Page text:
WASHINGTON (House Science Committee PR) – Science, Space, and Technology Committee Chairman Lamar Smith (R-Texas) and Space Subcommittee Chairman Brian Babin (R-Texas) yesterday sent letters to four senior officials following up on requests for information about the current U.S. policy governing the export of U.S. commercial satellites for launch on Indian launch vehicles.
On July 6 Chairmen Smith and Babin wrote Director of Office of Science and Technology Policy John Holdren, Secretary of State John Kerry, United States Trade Representative Michael Froman, and U.S. Department of Commerce Secretary Penny Pritzker, seeking this information.
Yesterday’s letters reiterate requests for a briefing and documentation on the current U.S. policy. The letters can be found here.
Today, astronauts Scott and Mark Kelly are visiting the White House to talk to the President about developing innovative new space technologies. One critical area for technology development is making satellites more affordable, adaptable, and adept at providing the sorts of real-time information that will help advance knowledge out in space and on Earth.
New Space Technology Research Institutes will help NASA develop game changing new materials and bio-manufacturing methods needed for the Journey to Mars
by Thomas Kalil & Lloyd Whitman White House OSTP
In his 2015 State of the Union Address, President Obama said, “I want Americans to win the race for the kinds of discoveries that unleash new jobs—converting sunlight into liquid fuel; creating revolutionary prosthetics, so that a veteran who gave his arms for his country can play catch with his kids again. Pushing out into the solar system not just to visit, but to stay.”
And NASA is leading the way for this push with plans to send humans to Mars in the 2030s. Recently, NASA announced that they plan to dedicate up to $30 million over the next five years to support university-led research institutes to more rapidly develop two game changing capabilities needed to make this happen: ultra-high strength, lightweight materials and bio-manufacturing for deep space exploration.
Rep. Jim Bridenstine’s (R-OK) proposed American Space Renaissance Act (ASRA) would bring about significant changes in the nation’s commercial space policy, with a much larger role for the Department of Transportation and a revamping of activities within the Commerce Department.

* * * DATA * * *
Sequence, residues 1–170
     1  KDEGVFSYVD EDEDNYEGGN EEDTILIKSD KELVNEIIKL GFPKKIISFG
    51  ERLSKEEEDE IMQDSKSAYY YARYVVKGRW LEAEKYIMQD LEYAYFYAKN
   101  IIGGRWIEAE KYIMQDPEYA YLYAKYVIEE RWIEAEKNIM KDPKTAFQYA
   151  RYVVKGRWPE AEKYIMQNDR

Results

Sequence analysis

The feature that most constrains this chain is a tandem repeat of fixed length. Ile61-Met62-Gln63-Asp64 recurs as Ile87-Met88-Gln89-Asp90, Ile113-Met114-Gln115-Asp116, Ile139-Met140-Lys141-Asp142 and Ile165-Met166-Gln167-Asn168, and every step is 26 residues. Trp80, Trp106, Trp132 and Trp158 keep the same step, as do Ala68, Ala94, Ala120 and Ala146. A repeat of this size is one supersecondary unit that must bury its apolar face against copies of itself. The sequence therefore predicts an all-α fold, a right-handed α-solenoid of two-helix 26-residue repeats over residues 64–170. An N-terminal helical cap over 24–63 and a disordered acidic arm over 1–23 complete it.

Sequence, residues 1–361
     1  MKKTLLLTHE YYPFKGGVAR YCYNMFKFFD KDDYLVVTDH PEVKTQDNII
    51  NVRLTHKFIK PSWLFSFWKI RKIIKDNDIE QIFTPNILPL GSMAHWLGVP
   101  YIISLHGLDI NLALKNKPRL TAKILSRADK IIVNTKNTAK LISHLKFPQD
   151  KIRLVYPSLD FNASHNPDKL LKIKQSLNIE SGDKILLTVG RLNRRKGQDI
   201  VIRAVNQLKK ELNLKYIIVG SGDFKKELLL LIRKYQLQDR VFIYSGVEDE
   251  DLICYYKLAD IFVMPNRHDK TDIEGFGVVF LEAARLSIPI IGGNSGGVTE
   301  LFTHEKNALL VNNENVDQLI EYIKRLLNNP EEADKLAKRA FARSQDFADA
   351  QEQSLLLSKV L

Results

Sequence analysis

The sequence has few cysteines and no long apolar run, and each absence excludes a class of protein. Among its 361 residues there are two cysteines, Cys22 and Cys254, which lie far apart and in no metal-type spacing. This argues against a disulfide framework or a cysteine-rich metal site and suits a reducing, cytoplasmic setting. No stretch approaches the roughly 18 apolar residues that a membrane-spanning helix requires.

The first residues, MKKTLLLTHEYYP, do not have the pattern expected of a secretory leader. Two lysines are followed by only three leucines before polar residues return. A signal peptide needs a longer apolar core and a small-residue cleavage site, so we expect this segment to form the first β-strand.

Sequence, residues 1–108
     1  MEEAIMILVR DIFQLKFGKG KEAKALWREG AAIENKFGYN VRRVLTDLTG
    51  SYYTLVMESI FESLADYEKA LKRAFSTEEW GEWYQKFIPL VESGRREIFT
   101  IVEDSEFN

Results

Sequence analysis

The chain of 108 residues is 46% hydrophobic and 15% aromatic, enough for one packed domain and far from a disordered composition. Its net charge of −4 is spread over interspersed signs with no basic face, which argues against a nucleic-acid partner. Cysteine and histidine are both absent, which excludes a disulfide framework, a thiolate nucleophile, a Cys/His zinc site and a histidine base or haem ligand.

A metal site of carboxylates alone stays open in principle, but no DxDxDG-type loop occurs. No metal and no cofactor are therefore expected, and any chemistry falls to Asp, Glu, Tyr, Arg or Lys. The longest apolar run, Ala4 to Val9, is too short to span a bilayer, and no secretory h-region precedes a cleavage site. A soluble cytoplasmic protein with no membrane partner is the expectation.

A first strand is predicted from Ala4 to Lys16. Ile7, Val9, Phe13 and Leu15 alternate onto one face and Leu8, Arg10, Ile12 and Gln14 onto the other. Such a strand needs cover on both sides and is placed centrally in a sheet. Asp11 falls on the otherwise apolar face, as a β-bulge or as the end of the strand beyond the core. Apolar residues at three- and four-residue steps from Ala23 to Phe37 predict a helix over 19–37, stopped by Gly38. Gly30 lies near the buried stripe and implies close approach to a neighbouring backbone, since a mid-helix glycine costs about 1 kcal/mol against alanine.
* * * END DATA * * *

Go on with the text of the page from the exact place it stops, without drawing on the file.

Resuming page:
WASHINGTON, D.C. (Senate Commerce Committee PR) – The U.S. Senate, today, unanimously approved S. 1297, the U.S. Commercial Space Launch Competitiveness Act, introduced by Commerce Committee Space, Science, and Competitiveness Subcommittee chairman Sen. Ted Cruz (R-Texas), full committee ranking member Sen. Bill Nelson (D-Fla.), Space, Science, and Competitiveness Subcommittee ranking member Sen. Gary Peters (D-Mich.), and subcommittee members Marco Rubio (R-Fla.), and Cory Gardner (R-Colo.). The legislation, which the full Commerce Committee approved by voice vote with an amendment on May 20, 2015, extends the operational use of the International Space Station (ISS) until 2024, a regulatory moratorium on commercial space activity through FY 2020, and ensures stability for the continued development and growth of the U.S. commercial space sector and other space initiatives. (more…)
For some reason, the lyrics to “The Flintstones” instantly flashed through my head when I read this:
Frustrated that White House officials have ignored congressional language curtailing scientific collaborations with China, legislators have decided to get their attention through a 32% cut in the tiny budget of the Office of Science and Technology Policy (OSTP).
I’m not sure why I immediately thought of Fred, Barney, Betty and whatshername? Maybe it’s my sense that the Republicans in Congress form some sort of “modern Stone Age family” with rocks in their heads instead of brains. And that they have some sort of innate aversion to the type of serious science that tells us that people and dinosaurs didn’t really walk the Earth at the same time. Not all Republicans, mind you. Just enough of them to have influence over vital national policies. And that even a single member with that type of power is one too many.
The Government Accountability Office (GAO) has found that the Office of Science and Technology Policy (OSTP) violated a Congressional ban on meeting with Chinese officials. OSTP doesn’t deny violating the provision, which was included in a spending bill, but claims the ban is unconstitutional.
The GAO stated its conclusion in a letter sent this week to Rep. Frank Wolf, who had requested an inquiry. The GAO found that OSTP, which is an arm of the White House, had spent about $3,500 to lead and participate in a series of high-level meetings and events with Chinese officials in May concerning technology, intellectual property protection, climate change, joint cooperation and other matters.
President Obama’s plan to refocus NASA has a lot of people seeing red, not least of whom is retired NASA engineer Homer Hickam, author of the memoir “Rocket Boys” that was the subject of the film October Sky.
Last week, he wrote directly to NASA Deputy Administrator Lori Garver and OSTP Director John Holdren demanding that they resign. He repeated the demand in a letter to Bart Gordon, Chairman of the House Committee on Science and Technology.
Thomas Kalil, the deputy director for policy with the Office of Science and Technology Policy, has posted a blog entry (reproduced below) in which he asks for ideas on prizes that the government could sponsor.
In recent years, there has been a renaissance in â€œincentive prizesâ€ â€“ which reward contestants for achieving a specific future goal.